Lenore's poetry collections form a trilogy about love, loss, and being mortal: Cutting Down the Last Tree on Easter Island (West End Press, 2012); Two Places (Kelsay Books, 2014), and The Golem (Hadassa Word Press, 2017). Her most recent poetry chapbook is From Malls to Museums (Ethelzine, 2020), and her prize-winning flash fiction chapbook, Holding on to the Fringes of Love, was published by Alexandria Quarterly Press. Lenore tutors middle-school and high-school students in reading and writing and volunteers at Chapter510 in Oakland, California.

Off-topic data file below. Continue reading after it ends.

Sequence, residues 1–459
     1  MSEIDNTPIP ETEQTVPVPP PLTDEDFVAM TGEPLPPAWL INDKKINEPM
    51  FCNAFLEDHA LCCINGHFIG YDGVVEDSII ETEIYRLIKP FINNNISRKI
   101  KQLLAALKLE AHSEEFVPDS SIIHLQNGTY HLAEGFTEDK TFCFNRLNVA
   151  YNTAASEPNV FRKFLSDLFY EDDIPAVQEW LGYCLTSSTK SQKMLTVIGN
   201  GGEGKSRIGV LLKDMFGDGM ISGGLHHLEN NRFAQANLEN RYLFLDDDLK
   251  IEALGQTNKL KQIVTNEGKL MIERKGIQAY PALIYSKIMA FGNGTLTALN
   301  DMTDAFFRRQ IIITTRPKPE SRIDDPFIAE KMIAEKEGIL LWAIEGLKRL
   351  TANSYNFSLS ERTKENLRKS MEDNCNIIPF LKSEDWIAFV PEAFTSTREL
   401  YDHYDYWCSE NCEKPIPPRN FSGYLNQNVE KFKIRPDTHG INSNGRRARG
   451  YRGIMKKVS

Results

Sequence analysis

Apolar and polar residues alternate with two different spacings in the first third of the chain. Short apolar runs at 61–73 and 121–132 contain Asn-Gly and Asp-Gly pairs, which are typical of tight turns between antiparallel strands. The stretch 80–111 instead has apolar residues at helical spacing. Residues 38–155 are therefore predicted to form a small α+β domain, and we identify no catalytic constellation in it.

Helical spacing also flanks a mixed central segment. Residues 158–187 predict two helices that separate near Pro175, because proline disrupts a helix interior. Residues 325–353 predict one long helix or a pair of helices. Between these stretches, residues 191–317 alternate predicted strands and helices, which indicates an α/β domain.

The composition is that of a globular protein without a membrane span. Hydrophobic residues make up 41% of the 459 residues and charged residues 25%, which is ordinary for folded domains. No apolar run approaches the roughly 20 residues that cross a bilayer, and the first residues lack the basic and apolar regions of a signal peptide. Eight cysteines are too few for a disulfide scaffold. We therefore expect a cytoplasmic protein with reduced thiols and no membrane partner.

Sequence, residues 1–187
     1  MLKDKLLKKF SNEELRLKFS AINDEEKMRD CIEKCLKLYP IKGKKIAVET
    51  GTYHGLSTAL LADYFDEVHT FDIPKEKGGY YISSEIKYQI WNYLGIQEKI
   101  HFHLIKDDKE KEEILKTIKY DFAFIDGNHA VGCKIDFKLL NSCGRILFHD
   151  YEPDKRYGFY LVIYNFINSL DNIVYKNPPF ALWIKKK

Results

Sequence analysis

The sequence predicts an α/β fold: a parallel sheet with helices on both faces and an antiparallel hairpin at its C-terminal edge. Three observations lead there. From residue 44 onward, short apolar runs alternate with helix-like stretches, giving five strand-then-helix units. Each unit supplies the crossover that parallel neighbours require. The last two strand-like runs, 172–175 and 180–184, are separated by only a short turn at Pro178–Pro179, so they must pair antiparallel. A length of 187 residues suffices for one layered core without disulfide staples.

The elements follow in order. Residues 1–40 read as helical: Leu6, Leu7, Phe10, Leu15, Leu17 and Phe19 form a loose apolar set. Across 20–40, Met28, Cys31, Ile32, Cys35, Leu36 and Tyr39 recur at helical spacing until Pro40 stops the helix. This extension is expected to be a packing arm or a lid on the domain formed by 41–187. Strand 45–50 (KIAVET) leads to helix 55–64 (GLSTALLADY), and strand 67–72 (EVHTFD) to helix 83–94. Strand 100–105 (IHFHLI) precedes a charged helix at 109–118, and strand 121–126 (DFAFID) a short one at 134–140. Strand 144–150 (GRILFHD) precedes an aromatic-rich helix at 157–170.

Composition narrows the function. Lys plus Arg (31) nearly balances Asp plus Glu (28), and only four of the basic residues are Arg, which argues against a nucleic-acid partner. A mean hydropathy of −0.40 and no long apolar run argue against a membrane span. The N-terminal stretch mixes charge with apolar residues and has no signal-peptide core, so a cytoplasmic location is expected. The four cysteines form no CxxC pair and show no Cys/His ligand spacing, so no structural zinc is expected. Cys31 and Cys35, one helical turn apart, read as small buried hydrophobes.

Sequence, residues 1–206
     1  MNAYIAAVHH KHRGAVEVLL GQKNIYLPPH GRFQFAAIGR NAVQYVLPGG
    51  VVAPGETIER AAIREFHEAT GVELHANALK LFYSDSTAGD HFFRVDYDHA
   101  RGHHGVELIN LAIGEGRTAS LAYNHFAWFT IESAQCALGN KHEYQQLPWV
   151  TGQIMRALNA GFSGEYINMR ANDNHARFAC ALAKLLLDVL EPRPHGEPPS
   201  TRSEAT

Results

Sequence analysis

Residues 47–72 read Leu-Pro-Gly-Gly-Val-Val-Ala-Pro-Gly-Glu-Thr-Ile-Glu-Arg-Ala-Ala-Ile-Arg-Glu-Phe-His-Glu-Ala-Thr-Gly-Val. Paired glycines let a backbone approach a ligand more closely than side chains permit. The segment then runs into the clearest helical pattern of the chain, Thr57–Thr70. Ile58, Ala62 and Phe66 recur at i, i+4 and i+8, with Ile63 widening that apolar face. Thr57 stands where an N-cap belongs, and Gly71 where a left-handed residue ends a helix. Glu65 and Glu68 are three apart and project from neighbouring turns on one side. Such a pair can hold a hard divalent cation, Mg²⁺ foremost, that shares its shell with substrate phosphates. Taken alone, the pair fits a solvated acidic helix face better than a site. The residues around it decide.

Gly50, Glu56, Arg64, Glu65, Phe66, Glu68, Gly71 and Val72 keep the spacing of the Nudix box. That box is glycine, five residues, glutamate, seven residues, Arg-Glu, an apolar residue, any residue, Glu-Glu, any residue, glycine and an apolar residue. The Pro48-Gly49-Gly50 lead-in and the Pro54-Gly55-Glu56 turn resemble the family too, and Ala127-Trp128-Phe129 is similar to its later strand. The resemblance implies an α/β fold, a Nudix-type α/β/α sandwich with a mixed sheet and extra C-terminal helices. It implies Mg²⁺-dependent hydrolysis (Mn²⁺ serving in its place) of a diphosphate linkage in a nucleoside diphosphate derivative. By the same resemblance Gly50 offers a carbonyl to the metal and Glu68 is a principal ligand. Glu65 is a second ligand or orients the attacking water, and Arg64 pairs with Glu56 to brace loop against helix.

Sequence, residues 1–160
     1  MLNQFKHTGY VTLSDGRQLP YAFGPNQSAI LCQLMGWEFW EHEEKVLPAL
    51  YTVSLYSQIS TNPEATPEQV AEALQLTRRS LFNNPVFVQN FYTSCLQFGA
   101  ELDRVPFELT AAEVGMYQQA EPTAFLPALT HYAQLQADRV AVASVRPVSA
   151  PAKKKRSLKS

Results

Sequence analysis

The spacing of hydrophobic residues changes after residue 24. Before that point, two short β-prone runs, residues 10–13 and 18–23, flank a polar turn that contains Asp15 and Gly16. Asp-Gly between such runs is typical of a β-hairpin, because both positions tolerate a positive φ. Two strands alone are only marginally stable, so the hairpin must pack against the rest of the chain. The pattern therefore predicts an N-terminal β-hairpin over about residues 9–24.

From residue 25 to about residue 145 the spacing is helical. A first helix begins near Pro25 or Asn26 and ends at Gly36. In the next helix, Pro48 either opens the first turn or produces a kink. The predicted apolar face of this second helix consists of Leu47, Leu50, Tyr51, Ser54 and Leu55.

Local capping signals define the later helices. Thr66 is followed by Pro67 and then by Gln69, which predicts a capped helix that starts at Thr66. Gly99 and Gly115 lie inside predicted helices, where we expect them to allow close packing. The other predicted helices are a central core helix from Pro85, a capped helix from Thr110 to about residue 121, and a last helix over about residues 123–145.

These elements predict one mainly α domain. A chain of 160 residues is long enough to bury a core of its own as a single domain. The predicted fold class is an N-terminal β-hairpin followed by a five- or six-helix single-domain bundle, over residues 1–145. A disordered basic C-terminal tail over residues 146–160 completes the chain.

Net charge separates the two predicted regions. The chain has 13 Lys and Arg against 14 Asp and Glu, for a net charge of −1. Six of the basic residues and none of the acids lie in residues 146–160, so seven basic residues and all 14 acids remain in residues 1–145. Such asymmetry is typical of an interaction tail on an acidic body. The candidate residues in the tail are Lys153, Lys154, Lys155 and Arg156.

The call to prayer resounds five ties a day. The calligraphic signatures of ancient architects appear on ebony doors encrusted with mother-of-pearl. Turkish is related to Hungarian, the same Ugric-Altaic language stem akin to Finnish, also possibly, Korean and Japanese. Think Mongolian. According to guides, the city is built upon layers of who did not like whom. Green and blue chariot teams once faced off along political lines. Ethnic groups fill out the corners of the city. Think Kurds, Greeks, Armenians. Scratch a civilization. Find a welt. We visited a Whirling Dervish ceremony. Ten dervishes appeared in black gospel-like robes, hands tucked across chests to signify the unity of God. One leader sat on a red sheepskin and kissed each hat as dervishes bowed. Save for black robes, everything else was white. Off with the black, spin toward the white. The fundamental condition of our existence is to revolve like atoms, something I heard from a yoga teacher. White skirts billowed into human planets of love. The ceremony ended with a prayer for peace. Fade to black.